A German teenager named Linda Wenzel, who is now 16-years-old, fled her hometown of Frankfurt, Germany almost a year ago. She was found several weeks ago, amongst a group of women with bomb vests strapped to them.
Wenzel reportedly fled her home when she became unhappy about her mother’s marriage. The teen was described as ‘lonely and quiet’, by friends and neighbors.
Now, authorities who have taken back over Mosul have found her, and are sending her home to an unforgiving Germany.
The Daily Mail reports:
A tormented teenage childhood -fueled by an unhappy marriage split and a difficult relationship with her new stepfather – drove a brilliant A-level student into the arms of Islamic State.
If the youngster found with five other German women in a weapons-filled tunnel in the city of Mosul turns out to indeed be Linda Wenzel, she will return to an unforgiving hometown.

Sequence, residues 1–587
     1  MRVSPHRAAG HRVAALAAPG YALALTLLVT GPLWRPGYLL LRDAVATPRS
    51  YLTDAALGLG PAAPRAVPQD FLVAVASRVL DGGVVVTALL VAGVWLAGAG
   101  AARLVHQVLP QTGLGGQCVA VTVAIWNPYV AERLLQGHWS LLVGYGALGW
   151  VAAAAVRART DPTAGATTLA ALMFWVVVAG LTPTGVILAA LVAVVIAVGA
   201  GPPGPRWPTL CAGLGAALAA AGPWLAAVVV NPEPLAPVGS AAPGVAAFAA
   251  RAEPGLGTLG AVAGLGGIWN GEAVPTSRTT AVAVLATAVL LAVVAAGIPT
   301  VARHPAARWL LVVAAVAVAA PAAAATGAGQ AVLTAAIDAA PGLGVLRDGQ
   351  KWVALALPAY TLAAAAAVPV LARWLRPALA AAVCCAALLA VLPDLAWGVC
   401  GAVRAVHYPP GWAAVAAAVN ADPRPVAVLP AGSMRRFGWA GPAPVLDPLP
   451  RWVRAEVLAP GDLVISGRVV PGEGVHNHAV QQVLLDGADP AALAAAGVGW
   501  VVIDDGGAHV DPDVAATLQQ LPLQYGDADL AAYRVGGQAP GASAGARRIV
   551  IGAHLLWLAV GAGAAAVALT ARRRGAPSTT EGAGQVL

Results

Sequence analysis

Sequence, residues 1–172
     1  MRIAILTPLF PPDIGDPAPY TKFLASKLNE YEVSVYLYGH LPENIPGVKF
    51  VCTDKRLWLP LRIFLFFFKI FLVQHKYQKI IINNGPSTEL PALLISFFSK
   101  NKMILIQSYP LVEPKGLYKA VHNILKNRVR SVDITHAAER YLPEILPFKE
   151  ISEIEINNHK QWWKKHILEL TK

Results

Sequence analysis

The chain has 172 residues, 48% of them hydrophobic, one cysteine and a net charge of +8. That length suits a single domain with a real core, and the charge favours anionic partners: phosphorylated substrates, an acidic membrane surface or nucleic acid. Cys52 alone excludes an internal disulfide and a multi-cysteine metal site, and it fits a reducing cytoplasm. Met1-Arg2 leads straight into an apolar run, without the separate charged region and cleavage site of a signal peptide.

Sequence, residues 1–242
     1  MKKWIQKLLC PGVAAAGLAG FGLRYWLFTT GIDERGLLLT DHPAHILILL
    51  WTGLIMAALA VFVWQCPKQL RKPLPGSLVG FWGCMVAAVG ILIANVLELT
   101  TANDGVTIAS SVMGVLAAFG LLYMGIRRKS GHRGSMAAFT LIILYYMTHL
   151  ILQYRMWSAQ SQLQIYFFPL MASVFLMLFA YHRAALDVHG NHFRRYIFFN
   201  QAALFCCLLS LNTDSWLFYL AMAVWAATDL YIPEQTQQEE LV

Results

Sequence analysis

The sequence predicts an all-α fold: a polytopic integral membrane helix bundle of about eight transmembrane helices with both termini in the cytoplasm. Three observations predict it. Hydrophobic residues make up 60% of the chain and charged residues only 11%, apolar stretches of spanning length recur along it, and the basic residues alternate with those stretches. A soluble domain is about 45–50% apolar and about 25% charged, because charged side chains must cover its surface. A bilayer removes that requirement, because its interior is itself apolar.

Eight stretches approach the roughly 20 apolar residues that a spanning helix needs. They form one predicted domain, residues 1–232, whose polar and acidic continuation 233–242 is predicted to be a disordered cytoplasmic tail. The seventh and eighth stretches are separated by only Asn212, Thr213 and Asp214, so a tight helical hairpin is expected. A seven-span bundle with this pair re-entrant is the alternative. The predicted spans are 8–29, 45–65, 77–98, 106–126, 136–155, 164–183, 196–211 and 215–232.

Locals in rural former communist East German Pulsnitz are more angry than happy at the news she has been rescued from the cauldron where 25,000 IS fanatics have been wiped out in the past ten months of fighting.
‘What a bitch for putting her parents through this,’ said one neighbour near to the home in Gruenestrasse she fled a year ago.
‘What sort of a person gives themselves over to a group killing her own people in Germany? I hope a jail cell awaits her when she returns, not yellow ribbons.’
Linda grew up with mother Katherina, 48, and herself with her hand worker father Rainer in Grossenheim, some 35 miles from Pulsnitz.
When her parent’s marriage broke down she moved with her mother to Pulsnitz. There Katharina moved in with the caretaker of the local school, Thomas Weiss. Unhappy and insecure Linda suddenly found herself with a new stepfather – and an older stepsister called Dana.
Angela Ehrenberg, 65 a neighbour of the family, said: “She was a very quiet, sensitive child. But there was an aura of loneliness about her that I could not understand.”
Her teachers also reported that despite being quiet, she was on track to get the best grades in her exams the following year.